The most important parallel algorithms to teach students

What do you consider the most important parallel algorithms a student needs to learn (regardless of language)?

A list for starters. Variations on these:

  • Reduction
  • Scan
  • Merge Sort

What else should be added and why?

Since GPU programming is relatively new, I think what most people want to see is side-by-side GPU and CPU implementations of popular algorithms.

Most papers that are published either;

  1. Do not include any source code, rather just talk theoretically about the implementation in very high-level vague details

Example(This one is really a waste, no useful content at all other than ‘We implemented a dynamic programming algorithm and it was great!’);

https://docs.google.com/viewer?url=http://www.ijcsmr.org/vol2issue4/paper325.pdf

  1. It does include pseudo-code portions of the algorithm, but not enough to reconstruct the work in a real-world way.

Example;

https://docs.google.com/viewer?url=http://www.danielbit.com/~dali/papers/Graph_GPU_Adaptive_IPDPS13.pdf

  1. Or they do include the source which is spread out over multiple header/source files and then abuse templates to the point where not even a 10-year veteran can make sense of it all.

Example;

https://code.google.com/p/back40computing/source/browse/#svn%2Ftrunk%2Fb40c%2Fgraph%2Fbfs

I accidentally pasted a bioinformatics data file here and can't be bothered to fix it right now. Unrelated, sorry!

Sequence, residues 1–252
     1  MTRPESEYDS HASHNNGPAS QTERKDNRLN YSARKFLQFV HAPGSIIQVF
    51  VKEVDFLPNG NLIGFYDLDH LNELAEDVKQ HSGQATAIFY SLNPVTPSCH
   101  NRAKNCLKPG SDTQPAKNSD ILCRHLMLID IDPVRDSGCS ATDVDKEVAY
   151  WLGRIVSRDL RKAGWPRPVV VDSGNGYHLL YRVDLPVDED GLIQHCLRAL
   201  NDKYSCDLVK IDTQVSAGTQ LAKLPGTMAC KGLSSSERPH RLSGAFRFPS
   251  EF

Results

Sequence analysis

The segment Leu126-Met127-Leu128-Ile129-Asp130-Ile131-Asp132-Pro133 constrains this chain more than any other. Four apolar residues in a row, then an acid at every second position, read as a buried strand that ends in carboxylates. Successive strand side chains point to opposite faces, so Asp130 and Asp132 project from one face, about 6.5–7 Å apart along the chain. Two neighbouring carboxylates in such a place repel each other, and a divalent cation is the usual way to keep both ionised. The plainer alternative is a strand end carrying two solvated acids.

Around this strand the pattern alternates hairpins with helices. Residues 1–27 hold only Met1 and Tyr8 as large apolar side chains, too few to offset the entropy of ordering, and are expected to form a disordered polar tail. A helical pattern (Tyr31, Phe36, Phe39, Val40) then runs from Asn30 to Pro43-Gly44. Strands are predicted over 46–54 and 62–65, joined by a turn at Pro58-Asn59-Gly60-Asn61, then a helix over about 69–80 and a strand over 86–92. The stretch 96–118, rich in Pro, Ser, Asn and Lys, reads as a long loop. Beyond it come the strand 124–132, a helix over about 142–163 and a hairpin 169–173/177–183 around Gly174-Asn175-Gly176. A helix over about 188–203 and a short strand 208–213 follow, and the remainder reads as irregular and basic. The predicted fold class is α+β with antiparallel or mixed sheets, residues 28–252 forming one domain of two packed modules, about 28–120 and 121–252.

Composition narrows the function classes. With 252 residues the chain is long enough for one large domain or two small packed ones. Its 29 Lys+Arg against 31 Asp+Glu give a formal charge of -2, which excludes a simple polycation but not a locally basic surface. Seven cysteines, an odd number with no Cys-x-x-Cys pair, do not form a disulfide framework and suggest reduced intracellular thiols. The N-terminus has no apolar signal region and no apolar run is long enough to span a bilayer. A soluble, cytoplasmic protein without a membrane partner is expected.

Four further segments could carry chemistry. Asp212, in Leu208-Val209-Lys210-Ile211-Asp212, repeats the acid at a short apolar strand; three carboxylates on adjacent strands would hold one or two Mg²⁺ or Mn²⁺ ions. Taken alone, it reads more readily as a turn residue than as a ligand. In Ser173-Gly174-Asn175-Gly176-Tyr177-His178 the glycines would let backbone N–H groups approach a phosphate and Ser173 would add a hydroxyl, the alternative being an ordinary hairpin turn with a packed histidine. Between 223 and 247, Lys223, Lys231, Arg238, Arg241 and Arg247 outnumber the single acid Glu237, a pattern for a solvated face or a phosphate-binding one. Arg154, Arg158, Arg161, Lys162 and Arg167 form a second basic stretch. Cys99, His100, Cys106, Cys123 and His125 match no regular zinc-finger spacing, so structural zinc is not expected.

When I post CUDA code to Github I always include an easy to follow CPU implementation along side with the GPU implementation.

Less than 20% of the commonly found papers/blogs/articles are informative enough to use the content.

The bottom line is that GPU programming is tricky, and the best way to learn is to see clear examples of implementations of popular algorithms.

Nvidia spends at lot of energy designing good GPUs, but need to show new users how to use these features. Not everybody has the time to learn via trial-and-error.

Scans, reductions and merge sort have been discussed over and over.

How about clear examples of algorithms such as A*, optimized BFS, discrete knapsack(0/1) , bipartite matching, convex-hull, Hungarian assignment, computing eigen values, etc.

I will add Convolution is everywhere in DSP , another one Matrix Multiplication because is Matrix Multiplication.

I do agree with CudaaduC more traditional algorithms , greede, divide/conquer etc. In other words write a book in Analysis of Algorithms using real parallel architectures using CUDA

It is also important to realize that many people who use CUDA, are going to be using Thrust, cuBLAS, cuSPARSE to solve problems.

Thrust’s vectors are slow, so there needs to be more examples of using the their device pointers(to device memory allocated in the traditional way) for scans(like max_element), sort etc. When you use their device pointers to device memory thrust::sort is fast as hell.

There should be clear examples of the tricky issues like making the adjustment to column-major format(this trips a lot of programmers up), and the difference sparse formats which are available and how they are stored (cuSPARSE).

Keep in mind most of those Linear Algebra function take in 9-14 parameters, and if you get one wrong horrible things can happen. Varied clear examples always help.

Also include matrix multiplication examples when rows!=columns, because too often square matrices are used and that does not help distinguish between the row-major to col-major adjustment.